On December 3, 2014 a grand jury fails to indict a New York policeman who applied a chokehold to Eric Garner and ignored his dying pleas of "I can't breathe". Within 24 hours these words become a cry of protest at demonstrations across the United States. Just over a week earlier, a grand jury had failed to indict the officer responsible for shooting Michael Brown, reigniting civil unrest that had been a familiar sight since the shooting of the unarmed black teenager.
This is the backdrop to Mixmag's meeting with Theo Parrish on December 4.
"America has gone in the past few months from being a tolerant-seeming place that's hiding the fact that it has a deep-rooted issue with black people, to being in full-on lynching mode. All while a black dude is in office!" rails Parrish, a DJ steeped in the experience of inner city America. He escaped a life of gangs and violence thanks to the arts and a schooling in the music culture of his two home towns: Chicago, on whose notorious south side he was raised, and Detroit, where he chose to live. With the support of fellow independents Rick Wade, Moodymann and Claude Young he established himself in Detroit as a producer of such singular vision that he's sustained a fanatical audience ever since.
But it's London where we meet, a city in which Parrish has spent lots of time sporadically over recent years. After smoking a cigarette outside our rendezvous point, he settles his tall frame into a seat and orders a flat white.
He's initially wary, warning us that he'll skip any questions he doesn't like. Maybe this is because he's not previously done a feature with Mixmag, but more likely because the standard tale of Chicago/Detroit DJs being burned by promoters, bootleggers and journalists has made him this way. But he warms gradually to the questions, and passes on none.
He's informed and opinionated, with a strong midwest accent. As in his DJ sets, he's prone to veer off on tagents, but he's never less than fascinating as he covers ground encompassing politics, DJing, the culture of Chicago and Detroit, and music production – especially that on his primary label Sound Signature and its latest release, his album 'American Intelligence'.
The album, Parrish's fifth, is almost a recap of his adventurous, nearly two-decade career to date, covering the dark, roots-indebted house and techno hybrids ('Drive', 'They're Here') and percussion master-classes ('Tympanic Warfare', 'Cypher Delight') he was initially known for, as well as collaborative efforts with some of the live musicians he's just toured with (Ah, Be In Yo Self, Footwork). Although instrumental in the main, on the dark skit 'Welcome Back' he documents one of the frequent occasions when he's been stopped by police – in this instance on his way from the airport. "I've had an easier time going to Dubai and Israel than I have going back to Detroit, where I have an address, " he states, before describing how slowly he will reach for the requested driver's license.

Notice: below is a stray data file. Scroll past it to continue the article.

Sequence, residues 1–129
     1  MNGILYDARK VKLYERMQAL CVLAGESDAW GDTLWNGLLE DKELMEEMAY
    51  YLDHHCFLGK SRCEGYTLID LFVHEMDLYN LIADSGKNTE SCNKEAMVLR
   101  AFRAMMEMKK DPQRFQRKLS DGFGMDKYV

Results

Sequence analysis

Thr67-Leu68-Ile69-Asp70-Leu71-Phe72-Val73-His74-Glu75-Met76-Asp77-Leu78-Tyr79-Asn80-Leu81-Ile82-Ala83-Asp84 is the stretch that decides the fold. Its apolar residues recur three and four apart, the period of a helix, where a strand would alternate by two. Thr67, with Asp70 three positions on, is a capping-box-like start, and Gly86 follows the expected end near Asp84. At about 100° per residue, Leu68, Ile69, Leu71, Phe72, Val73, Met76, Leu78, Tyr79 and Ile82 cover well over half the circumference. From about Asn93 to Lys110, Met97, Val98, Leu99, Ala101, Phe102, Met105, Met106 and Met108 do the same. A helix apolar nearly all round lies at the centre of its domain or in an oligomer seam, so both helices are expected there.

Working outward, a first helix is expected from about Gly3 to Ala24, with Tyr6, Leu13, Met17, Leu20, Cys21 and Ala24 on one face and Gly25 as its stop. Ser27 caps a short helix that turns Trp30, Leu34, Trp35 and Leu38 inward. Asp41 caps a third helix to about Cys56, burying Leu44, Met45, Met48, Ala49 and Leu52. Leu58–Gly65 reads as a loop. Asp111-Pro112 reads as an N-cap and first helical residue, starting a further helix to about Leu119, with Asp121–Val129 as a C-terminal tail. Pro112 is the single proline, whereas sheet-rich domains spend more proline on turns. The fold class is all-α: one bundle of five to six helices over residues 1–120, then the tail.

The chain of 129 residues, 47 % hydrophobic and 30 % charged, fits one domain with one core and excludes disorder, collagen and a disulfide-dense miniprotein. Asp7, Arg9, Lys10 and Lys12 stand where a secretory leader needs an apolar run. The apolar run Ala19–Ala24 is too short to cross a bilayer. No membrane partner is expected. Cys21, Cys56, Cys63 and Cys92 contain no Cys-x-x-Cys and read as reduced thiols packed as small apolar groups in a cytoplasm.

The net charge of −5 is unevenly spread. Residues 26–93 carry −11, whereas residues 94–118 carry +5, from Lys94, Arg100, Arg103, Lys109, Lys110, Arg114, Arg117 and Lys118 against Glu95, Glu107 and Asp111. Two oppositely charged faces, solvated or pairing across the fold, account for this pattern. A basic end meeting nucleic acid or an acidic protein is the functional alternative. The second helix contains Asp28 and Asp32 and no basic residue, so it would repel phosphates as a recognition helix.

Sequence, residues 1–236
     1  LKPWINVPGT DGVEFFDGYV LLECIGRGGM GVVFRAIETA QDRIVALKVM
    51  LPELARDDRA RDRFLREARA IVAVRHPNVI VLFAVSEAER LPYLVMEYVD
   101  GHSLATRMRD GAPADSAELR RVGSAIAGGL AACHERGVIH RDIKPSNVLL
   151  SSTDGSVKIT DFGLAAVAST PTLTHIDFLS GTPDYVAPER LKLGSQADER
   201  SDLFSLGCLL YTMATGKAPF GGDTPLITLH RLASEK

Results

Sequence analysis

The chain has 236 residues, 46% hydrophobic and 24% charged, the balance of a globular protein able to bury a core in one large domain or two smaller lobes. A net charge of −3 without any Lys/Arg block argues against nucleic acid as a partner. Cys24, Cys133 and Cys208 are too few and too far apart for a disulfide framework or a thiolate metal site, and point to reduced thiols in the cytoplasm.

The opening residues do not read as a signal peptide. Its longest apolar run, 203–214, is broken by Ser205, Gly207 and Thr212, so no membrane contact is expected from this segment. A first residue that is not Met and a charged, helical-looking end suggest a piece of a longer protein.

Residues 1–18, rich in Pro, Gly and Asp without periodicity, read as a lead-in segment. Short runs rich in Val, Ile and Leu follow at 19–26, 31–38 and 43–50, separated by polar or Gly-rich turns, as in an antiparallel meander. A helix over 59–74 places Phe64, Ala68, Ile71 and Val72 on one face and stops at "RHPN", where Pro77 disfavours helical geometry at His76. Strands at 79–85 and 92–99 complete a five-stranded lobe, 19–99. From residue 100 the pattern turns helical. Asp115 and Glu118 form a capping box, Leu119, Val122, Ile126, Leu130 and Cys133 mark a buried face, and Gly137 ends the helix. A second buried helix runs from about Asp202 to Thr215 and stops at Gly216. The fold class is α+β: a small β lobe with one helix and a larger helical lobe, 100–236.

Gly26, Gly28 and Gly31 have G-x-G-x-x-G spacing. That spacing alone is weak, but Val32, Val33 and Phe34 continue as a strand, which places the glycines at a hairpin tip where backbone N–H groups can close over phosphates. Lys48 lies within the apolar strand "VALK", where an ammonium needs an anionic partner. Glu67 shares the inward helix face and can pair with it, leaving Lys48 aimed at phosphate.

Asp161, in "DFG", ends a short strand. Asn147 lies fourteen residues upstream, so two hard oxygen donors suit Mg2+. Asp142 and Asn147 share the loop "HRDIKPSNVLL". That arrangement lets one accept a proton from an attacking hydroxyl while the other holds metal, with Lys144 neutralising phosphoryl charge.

"That's something I've got to teach my son as he gets older," he says, with regret. "Looking at how America is operating, I'd be a fool to think he wouldn't need to know these things. That's a conversation my parents didn't have to have with me. They didn't tell me, "Be careful son, the police might think you have a gun when you reach for your wallet".
It's his parents, specifically his mother, whom Theo credits with saving him from following the route of gang culture so many of his peers fell into.
"I was messing up at school and I was going to go to a really rough high school called South Shore. I was 15 years old, weighed 95 pounds, I was gonna get murdered. Maybe not literally, but I would've got beaten up a lot more than I did."
After spotting him drawing in comic books, his mother persuaded him to try out for the Chicago Academy Of The Arts, and he won a scholarship.
That turned into a scholarship for the Kansas City Art Institute, where he continued to evade his likely lot by studying sculpture – all the while remaining aware that he was only one step removed from it.
"I decided I better go into sculpture, because at least there they taught you how to weld. I was thinking, "I ain't never heard of any black sculptors, so at least I'll leave being able to weld mufflers at [auto repair shop] Midas". I knew there were all kinds of car shops where I could get work in Chicago or Detroit."
Having taken his love for Chicago's music with him, he put it to use in Kansas, honing his skills as a DJ and focusing on sound creation within his sculpture studies. So strong was the pull of this music that it was always clear he wouldn't be staying there.
The roots of dance music, the culture of Chicago and Detroit is something Parrish feels passionately about, and protective of. It informs everything, from the way he plays to the props he gives and the young artists he showcases on Sound Signature.
"We know we've got Europe's attention, so let's keep putting the music out, let's keep playing there, but let's make sure the cultural values stay intact," he says. "Because anybody can say, 'You didn't take care of your roots'. You have to make those efforts. I've been consciously looking at how to. That's why Jay Daniel, Kyle Hall, Piranha, Marcellus Pittman, Delano Smith, all those guys, they all need to get out here and do their thing. And they are. That's why everybody's so obsessed with Detroit, this continuation. The reason we survive is because everybody has that DIY ethic. Thank you Mike Banks, thank you Kenny [Dixon, Moodymann], Derrick, Juan, Kevin and Carl, because them doing it by themselves has created a legacy for that city and set a template that others can follow."